Change in Demiquet index from baseline to two weeks (weight in kilograms)
Tolerability/acceptability of technique by questionnaires to patients, families and nursing staff.
Tube related: reports of nasal irritation, complications associated with nasogastric tube use
Follow up measures
We will follow up trial participants at three months; we will only perform descriptive statistics due to lack of power for formal statistical comparisons. These follow up measures will include functional outcomes, length of stay, feeding status, mortality and discharge placement. Tolerability at three months will be assessed using a postal questionnaire and supplemented by interview when necessary. This is important as perceptions of tube tolerability may be different in the recovery phase.
Ascertainment of outcomes
Research Fellow and stroke nurses at each site will assist in the collection of data, as well as training ward staff in the technique of tube placement (including the looped tube).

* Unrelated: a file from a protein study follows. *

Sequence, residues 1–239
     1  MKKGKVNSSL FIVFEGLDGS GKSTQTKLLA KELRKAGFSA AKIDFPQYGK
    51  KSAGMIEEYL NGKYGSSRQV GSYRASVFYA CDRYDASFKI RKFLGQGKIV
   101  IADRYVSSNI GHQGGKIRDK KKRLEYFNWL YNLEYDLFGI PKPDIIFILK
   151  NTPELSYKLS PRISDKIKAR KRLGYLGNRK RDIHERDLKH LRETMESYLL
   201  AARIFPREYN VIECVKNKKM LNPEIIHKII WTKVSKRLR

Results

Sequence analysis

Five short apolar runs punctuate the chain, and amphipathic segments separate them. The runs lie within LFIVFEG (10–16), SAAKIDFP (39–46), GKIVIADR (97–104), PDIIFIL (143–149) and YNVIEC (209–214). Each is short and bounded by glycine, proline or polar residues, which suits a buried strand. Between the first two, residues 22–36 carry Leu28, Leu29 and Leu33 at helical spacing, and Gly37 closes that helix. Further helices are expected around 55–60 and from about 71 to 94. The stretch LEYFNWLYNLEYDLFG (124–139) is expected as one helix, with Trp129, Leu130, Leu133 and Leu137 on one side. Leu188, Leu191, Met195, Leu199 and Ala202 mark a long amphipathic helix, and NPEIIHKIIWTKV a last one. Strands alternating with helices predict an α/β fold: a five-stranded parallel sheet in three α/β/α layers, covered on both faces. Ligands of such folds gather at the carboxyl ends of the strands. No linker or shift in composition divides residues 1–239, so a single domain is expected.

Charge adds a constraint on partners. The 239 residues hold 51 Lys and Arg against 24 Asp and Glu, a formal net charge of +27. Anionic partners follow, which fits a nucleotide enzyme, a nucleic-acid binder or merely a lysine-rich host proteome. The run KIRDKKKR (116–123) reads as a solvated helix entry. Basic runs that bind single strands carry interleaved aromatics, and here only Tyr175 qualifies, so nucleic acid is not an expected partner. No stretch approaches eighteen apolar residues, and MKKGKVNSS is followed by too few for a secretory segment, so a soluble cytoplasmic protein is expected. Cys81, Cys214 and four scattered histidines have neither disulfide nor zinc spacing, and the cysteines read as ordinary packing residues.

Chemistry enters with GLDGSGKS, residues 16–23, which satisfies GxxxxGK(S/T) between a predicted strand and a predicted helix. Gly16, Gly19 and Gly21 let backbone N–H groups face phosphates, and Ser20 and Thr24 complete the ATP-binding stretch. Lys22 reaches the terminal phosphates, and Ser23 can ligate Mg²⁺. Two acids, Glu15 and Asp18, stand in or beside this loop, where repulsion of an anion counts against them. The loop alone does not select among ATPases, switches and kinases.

The volume of feed and fluid administered via the NGT will be recorded by ward nursing staff on a daily basis. The amount of feed delivered can be accurately recorded as feed delivery is regulated using digital pumps. The pumps enable accurate recording of the amount of feed delivered (or not delivered) in millilitres. This information will be collated by the Research Fellow when they visit the stroke unit each day.
Tube usage and tube related complications will be monitored and the data collated using, to be completed for each patient every 24 hours. The form will be completed by ward staff with the support of the research fellow.
Treatment failure/completed treatment (where treatment failure means any occasion where attempts at nasogastric tube feeding is ceased before normal oral intake is established, and includes multiple failed attempts at passing a tube, use of a PEG (in the first two weeks), death or deterioration such that feeding is considered unsafe or unwanted) will also be recorded on this form. In such cases, the circumstances will be abstracted from the medical notes (< 1/2 side A4), without reference to treatment group. The abstract will then be anonymised and e-mailed to a medically qualified blinded assessor (RH). The assessor will then assign the outcome as failure/no failure (e.g. when feeding stopped because of return of oral feeding).
Weight (kilograms) and demispan (in cm: using stainless steel tape measure, finger roots to sternal notch), will be measured at baseline and at two weeks.
Both groups will be asked to complete a tolerability questionnaire regarding NG feeding, this will be adapted for dysphasic patients.